checkPosition + shift);
                    }
                }
            }
        }
        //Add updated Array
        map.put(key,
                new HashSet<Integer>(positions));
    }
}
share|improve this question
up vote 1 down vote accepted

You best bet is indexing the HashSet by putting it into a list. Then you can use indices to refer to elements rather than an Iterator. So long as you are not removing or adding (only updating) elements, then your indices will be correct. Otherwise you will have to account for that. Example:

ArrayList<Integer> positions = new ArrayList<Integer>(map.get(key));
for (int i = 0; i < positions.size(); i ++) {
  // updating list
  for (int j = i; i < positions.size(); j ++) {
    positions.set(j, positions.get(i) + diff);
  }
}
share|improve this answer
    
Look at his code, he is actually doing this... – libik Oct 17 '13 at 13:59
    
map.keyset() returns Set<String> I would need for(String key: map.keyset() ){ ArrayList<Integer> positions = new ArrayList<Integer>(map.get(key)); So I move along the array of ints but I can change the values as long as I don't change the size of the array? Initially that looks like what I want, let me check – Another Compiler Error Oct 17 '13 at 14:50
    
The ArrayList should be instantiated the same way positions is in your current code. (Update with map.get(key) to reflect that). – Garrett Hall Oct 17 '13 at 15:06
    
@GarrettHall I have added you solution to my question. – Another Compiler Error Oct 17 '13 at 15:51
    
@GarrettHall is the put I placed at the end required to retain the changes made? – Another Compiler Error Oct 17 '13 at 15:55

I would copy the original set to a list so that you don't need to worry about the current iteration code. Then update a secondary list (not being iterated).

Reasons:

  1. You can't iterate and modify your original collection at once (there is no way around the ConcurrentModificationExceptions)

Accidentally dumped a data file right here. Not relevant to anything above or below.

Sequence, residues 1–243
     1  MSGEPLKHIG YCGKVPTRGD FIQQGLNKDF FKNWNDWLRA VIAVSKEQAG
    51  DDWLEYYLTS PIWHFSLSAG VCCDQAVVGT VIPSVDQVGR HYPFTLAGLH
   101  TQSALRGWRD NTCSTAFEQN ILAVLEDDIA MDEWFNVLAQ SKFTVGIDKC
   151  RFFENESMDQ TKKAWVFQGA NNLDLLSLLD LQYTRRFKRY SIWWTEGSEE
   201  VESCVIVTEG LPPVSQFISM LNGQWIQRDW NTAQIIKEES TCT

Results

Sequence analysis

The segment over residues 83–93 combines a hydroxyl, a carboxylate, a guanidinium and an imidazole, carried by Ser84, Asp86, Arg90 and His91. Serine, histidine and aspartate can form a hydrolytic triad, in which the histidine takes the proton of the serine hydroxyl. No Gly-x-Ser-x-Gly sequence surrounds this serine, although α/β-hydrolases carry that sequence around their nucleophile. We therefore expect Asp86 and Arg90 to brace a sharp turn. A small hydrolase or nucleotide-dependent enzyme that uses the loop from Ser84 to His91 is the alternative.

2. Nice one liner to shift items in a list.

    Collections.rotate(list.subList(j, k+1), -1);
    
  3. Guava will be able to handle the "find first index that satisfies that predicate and transform the list" which a bunch of utility methods.
share|improve this answer
    
Q: If I have "editPositions" and "loopingPositions". In loopingPositions I find I want to shift position = 3. I update editPositions = {1, 2, 3+4, 4+4, 5+4} = {1,2,7,8,9} the next iteration of loopingPositions will be position = 4, which is out-dated when I really needed position = 8. Is that what would happen? – Another Compiler Error Oct 17 '13 at 14:37
    
Well, nothing stops you from swapping the original list for it's copy at each Iteration, them produce a new copy, rotate it, swap with the previous copy and so on (it is expensive but will work). Views can also mitigate performance problems. – Anthony Accioly Oct 17 '13 at 14:50
    
A better strategy would involve a cumulative counter of "rotated positions" (that starts with 0), then you always consider loopingPosition + cumulativeCounter as the position to shift editPositions, and, at the end of each iteration, make cumulativeCounter += diff this way you can iterate over the original values and still get the desired result using only a single copy of the original collection. – Anthony Accioly Oct 17 '13 at 14:58
    
I've added your edit to the question as best I can understand. It appears to work correctly but how do I retain on exit the appropriate amount of shift to per position. {1+(4*0), 2+(4*1), 3+(4*2), 4+(4*2), 5(4*3)} = {1,6,11,12,17} – Another Compiler Error Oct 17 '13 at 16:26
    
Just create a temp List and add positionValue + counterShift (after counterShift has been updated) at each iteration... Or use Guava transform functions to do it in one step ;) – Anthony Accioly Oct 17 '13 at 16:44